Q. I have a 21-year-old daughter. She has a little boy (my grandson), who is 2½.
My husband and I have given her so many chances to be a mom to her boy and have encouraged her to get a job.
While she was living with us, she refused to get a job, and I was taking care of my grandson.
We gave her an ultimatum that she must get a job or move out and grow up. Well, she chose to move out. Then she lied about where she was living.
She left her son behind and my husband and I have been taking care of him.
I just found out on Facebook that she is living with a guy. Not once has she asked about her son.
Suddenly, last month she asked my husband on Facebook if she could come back. But recent pictures on her boyfriend’s Facebook page show that she is having a good time.
I don’t know what to do.
My grandson is thriving without his mother and is very happy with us. He doesn’t even seem to know that she is gone. He doesn’t mention her at all.
She has lied so much that at this point I don’t trust her.
Should I let her come home, or should we let her live out in the real world?
A. I have news for all of you. Your daughter living with her boyfriend while you raise her child is not the real world. Your challenging daughter living at home with you while the three of you clash over raising this child is as real as it gets.
This is tricky. Your daughter seems to have abandoned her child to your care.
However, she is his mother. She may bounce in and out of his life while he lives with you, and then, very suddenly, she might decide to take the child to live with her.
Millions of heroic grandparents (and other family members) are currently raising children, and yet the legal assumption is that (unless the situation is extreme) children should be with their biological parents.
My opinion is that you and your husband should continue to raise this boy without his mother, until she shows a consistent intent (beyond a Facebook message) that she wants to come back. Ultimately, however, her being with you would probably be best for both her and the child.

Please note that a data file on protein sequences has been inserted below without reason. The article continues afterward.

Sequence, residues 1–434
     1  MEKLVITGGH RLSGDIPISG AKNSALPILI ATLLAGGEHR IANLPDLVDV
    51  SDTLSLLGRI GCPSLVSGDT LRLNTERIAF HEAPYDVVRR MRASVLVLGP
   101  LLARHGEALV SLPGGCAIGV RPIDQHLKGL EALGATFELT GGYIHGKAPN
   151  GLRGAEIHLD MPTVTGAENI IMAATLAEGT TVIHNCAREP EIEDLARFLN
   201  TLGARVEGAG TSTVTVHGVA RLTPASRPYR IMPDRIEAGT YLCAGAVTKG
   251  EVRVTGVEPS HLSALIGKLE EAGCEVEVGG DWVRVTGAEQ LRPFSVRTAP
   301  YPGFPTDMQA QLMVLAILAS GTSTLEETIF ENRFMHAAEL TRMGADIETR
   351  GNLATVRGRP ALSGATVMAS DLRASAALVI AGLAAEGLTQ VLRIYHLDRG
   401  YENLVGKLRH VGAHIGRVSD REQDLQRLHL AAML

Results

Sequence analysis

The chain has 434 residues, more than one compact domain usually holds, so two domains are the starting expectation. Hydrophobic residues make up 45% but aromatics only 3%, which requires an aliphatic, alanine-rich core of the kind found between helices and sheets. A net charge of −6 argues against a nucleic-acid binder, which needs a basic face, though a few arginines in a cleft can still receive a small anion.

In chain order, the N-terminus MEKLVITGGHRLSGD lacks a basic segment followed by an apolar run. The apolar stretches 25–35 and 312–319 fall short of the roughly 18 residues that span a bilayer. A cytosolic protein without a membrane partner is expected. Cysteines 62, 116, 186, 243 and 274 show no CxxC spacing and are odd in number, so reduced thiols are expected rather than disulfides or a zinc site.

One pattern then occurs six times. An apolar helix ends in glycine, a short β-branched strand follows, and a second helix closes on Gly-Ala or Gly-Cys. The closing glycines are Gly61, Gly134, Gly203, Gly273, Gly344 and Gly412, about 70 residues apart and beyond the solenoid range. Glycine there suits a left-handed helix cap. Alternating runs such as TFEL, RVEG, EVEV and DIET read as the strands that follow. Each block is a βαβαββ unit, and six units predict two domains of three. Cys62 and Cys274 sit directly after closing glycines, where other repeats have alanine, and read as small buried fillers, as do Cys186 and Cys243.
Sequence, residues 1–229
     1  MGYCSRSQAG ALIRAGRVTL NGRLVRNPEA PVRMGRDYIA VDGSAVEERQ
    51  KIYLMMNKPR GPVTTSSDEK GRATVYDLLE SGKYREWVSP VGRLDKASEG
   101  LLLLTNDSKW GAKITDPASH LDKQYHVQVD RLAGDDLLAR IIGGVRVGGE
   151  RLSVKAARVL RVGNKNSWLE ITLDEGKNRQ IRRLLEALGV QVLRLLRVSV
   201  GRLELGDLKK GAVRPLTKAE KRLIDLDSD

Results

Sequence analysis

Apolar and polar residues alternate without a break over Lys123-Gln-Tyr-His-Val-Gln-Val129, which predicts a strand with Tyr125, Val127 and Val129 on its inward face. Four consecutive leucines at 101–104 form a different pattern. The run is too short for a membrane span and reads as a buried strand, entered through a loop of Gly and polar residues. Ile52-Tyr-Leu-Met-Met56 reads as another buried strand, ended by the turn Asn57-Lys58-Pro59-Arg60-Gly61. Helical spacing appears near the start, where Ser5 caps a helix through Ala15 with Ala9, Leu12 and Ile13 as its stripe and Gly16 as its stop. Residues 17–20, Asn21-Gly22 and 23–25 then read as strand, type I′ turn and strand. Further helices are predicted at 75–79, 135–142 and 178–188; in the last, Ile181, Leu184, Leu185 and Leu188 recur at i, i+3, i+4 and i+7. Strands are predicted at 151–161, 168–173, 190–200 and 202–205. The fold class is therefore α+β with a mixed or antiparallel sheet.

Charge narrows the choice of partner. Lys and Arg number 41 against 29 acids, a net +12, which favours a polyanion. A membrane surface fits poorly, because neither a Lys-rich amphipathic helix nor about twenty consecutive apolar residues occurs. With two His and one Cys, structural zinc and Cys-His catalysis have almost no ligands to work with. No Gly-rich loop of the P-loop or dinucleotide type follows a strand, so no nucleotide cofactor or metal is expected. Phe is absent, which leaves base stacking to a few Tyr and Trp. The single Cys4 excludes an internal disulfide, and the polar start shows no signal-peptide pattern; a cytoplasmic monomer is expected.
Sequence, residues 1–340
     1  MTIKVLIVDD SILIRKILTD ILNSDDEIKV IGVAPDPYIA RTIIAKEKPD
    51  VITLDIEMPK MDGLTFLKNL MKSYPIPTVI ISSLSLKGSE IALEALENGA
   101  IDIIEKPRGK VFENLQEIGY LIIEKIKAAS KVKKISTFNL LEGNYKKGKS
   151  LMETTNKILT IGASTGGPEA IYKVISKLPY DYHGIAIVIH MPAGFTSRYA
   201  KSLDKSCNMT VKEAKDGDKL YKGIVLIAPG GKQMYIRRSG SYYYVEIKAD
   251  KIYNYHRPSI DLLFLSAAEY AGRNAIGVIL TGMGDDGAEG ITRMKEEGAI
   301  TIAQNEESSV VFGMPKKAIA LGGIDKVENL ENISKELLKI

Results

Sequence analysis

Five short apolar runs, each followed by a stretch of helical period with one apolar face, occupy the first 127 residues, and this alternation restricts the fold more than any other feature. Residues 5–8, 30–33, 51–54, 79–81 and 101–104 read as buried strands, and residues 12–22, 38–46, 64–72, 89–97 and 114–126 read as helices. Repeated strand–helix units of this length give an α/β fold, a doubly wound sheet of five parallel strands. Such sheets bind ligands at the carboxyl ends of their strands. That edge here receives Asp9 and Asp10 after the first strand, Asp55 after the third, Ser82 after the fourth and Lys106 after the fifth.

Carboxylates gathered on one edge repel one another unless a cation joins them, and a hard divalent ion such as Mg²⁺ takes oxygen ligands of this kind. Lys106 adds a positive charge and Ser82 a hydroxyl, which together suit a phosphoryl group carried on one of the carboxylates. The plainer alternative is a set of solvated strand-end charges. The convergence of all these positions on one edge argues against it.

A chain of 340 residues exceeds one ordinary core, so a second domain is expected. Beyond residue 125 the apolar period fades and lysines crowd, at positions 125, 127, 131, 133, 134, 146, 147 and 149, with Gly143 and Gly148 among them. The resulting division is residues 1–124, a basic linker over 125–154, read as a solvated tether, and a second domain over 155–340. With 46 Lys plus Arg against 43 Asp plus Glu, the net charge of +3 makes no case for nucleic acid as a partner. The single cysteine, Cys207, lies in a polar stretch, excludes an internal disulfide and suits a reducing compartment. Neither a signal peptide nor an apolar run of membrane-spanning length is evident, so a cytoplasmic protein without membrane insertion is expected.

However, understand that if she moves home and you clash again and kick her out, she may take the boy with her.
You MUST research your legal rights. See an adoption attorney — or meet with a social worker at your local Family and Child Services office.
Your daughter might be willing to sign over temporary guardianship to you, so that you can legally make decisions on the boy’s behalf.
Q. I met a woman online. We have been texting back and forth.
She is very cautious, which I understand, but it’s almost stressful to pursue her.
She doesn’t seem excited about a new relationship.
I am wondering if I should put my efforts elsewhere?
A. It is challenging, but vital, to read another person’s cues — certainly at the outset of what you hope will be a relationship. You two have never met in person, and the reasons she is cautious could range from she is smart and realizes she is communicating with a virtual stranger to she is cautious because she is in another relationship (or any combination or variation along a very wide spectrum).
You should not pursue or press her. You should text her: “Look, I can tell you are being super-cautious, and I want you to know that I respect that. I don’t want to make you uncomfortable, so I’ll wait for you to get in touch.”
Harkening back to my own foray into Internet matching, I urge you to try to meet any potential match in person as soon as possible. Texting and messaging can create a smoke screen.
In my experience, I knew — usually within moments after meeting for coffee — whether I was interested (and, sigh, I never was).
Q. I appreciated the sincerity of the man signing his name “Little Circle Seeks Bigger Circle.” He wanted to find ways to connect in a meaningful way with other men.
I also appreciated your response. I wish you had suggested that this man develop some group-centered hobbies, however.
A. Yes, great advice.
Amy Dickinson can be reached at firstname.lastname@example.org.